Boda Boda Zituyamba?

Boda Bodas. I take them all the time. So my father remarks, “You’re always taking bodas, when will you buy a car?”, when he sees me get off a Safe Boda recently. He has a point you know; I am paying maybe UGX 3000 extra what I should be spending on normally with taxis. Which reminds me, have you ever sat on a bicycle? The “maanyi-ga-kifuba” bicycles?

boda-boda-2It’s half the cost of a taxi ride. Wait, not half, it’s more than less than half the cost (hopefully that makes sense). I digress.

Anyway, after telling me that, he says, “…at least these Safe Boda people follow the rules and are not as unruly as the others”. Yes. This can be a good thing and a bad thing. See, when you’ve been sitting on a boda for a bit of your adult life, you get used to the chaos, the adrenaline, the madness of it.

My first ride on a Safe Boda felt like me and the rider were on parole.

He kept in the same lane as the cars, didn’t try to go on the sides, waited for the lights before crossing, was keeping the speed down to a minimum. I felt like a grandfather. This guy could have been transporting a dinosaur egg. It felt so safe that it was almost wrong.

The right/true thing had been so alien to me for so long it seemed wrong! (Much like a lot of life now…)

The problem then becomes that if you take one that is a talker, you’re in for story time. It’s not too bad though because I have learned a lot about Safe Boda from these guys. That they pay once and get a jacket and two helmets, how they are learning to get techy, how they have monthly trainings and more. It’s becoming quite a community that empowers boda riders. It’s actually a long distance from the first few who you’d see rarely. Now, they’re almost 1000 men using the service.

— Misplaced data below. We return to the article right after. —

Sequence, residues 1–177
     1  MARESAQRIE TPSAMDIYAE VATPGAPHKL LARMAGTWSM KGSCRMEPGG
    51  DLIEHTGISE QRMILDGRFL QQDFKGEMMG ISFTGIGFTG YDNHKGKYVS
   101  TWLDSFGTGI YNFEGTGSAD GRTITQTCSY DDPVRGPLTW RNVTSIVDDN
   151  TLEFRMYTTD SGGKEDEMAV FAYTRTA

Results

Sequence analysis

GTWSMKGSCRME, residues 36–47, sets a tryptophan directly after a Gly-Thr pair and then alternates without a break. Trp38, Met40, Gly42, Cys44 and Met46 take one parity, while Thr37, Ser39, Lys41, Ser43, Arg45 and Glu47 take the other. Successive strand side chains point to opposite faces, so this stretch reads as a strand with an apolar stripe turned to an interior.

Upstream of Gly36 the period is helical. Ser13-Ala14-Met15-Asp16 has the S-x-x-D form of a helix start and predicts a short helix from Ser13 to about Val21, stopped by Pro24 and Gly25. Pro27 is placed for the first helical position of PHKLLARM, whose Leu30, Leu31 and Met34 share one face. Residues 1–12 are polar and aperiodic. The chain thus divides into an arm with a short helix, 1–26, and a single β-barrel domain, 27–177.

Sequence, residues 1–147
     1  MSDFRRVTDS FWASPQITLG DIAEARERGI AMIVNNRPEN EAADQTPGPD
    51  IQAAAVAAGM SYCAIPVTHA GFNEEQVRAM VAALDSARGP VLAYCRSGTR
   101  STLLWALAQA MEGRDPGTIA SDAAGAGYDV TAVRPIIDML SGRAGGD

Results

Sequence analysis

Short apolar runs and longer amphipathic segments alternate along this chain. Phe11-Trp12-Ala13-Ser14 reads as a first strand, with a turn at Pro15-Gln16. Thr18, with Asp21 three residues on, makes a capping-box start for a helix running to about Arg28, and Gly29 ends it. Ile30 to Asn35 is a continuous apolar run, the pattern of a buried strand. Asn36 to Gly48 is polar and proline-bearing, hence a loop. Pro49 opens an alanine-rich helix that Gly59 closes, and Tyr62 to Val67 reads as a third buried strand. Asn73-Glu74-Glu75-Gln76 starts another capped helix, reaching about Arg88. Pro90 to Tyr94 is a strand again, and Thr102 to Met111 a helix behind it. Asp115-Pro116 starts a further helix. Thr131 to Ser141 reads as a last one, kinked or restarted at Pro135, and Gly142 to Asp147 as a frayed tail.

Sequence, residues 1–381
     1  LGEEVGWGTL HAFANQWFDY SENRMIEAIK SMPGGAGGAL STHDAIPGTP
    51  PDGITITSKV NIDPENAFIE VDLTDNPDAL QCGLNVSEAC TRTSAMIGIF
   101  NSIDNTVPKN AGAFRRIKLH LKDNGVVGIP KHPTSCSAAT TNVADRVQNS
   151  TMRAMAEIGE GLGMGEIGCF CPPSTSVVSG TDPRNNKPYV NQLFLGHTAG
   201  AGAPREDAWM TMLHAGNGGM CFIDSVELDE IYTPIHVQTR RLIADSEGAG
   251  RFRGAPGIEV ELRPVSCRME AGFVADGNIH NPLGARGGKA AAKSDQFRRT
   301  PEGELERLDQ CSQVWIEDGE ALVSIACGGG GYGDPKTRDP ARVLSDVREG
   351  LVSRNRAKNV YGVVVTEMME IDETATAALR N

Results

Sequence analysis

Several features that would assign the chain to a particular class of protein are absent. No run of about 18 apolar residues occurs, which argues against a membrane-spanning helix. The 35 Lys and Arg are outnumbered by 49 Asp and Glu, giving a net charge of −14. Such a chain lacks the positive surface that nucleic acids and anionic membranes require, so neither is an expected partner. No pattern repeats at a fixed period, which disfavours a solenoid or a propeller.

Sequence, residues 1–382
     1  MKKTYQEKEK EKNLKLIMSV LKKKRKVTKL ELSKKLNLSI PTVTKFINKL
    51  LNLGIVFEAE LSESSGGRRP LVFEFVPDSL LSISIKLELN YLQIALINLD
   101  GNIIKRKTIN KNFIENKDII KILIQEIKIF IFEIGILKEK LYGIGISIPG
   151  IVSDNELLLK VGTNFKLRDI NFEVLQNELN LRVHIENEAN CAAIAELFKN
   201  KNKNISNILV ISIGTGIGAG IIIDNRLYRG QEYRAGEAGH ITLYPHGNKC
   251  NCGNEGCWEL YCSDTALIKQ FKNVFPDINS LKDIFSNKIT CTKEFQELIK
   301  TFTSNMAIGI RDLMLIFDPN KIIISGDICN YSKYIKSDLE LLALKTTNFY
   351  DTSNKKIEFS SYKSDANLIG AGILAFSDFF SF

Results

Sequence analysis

Which makes me ask, are there no women boda riders? Again I digress.

Bodas know how to mitigate some issues. Like that time she had broken up with me and I just wanted to get out of there. It helps that most boda guys talk, so you’re in the cold wind and the dude is telling you about NRM and Besigye, so you don’t think about it till you get home. Or that time the sickness had made me like egg and I needed to get to a hospital in a hurry. Sure, the rough road made every ache hurt more but at least I was closer to that shot of pain relief with every passing second. I could plot my life with bodas.

The question of the boda however is can we live without them? Can we learn to prepare ahead of time for things? Can we somehow not be impatient anymore? Can we learn to use buses and be just fine? I don’t know. I’m asking one side of the question seeing as bodas actually employ people and contribute to livelihood. They are a new normal. Just like it caught me off guard the way the Safe Boda rider took care on the road, could it be possible that if we were to get to a life without them, would we be okay and not suffer withdrawal?

That aside, dad, has a point but maybe not really (a conversation for another day). So, I ask, what’s your experience of the boda boda?


4 thoughts on “Boda Boda Zituyamba?

  1. One of the perks of living in Jinja is that we can still do the original authentic boda boda - bicycle + posho + no shock absorbers.

    Our traffic isn't as deadly so boda is a regular and indispensable part of our lives. When I come to Kla, however, different story. I see their usefulness, but I will walk/drive/get a lift as much as I possibly can to avoid them over there.


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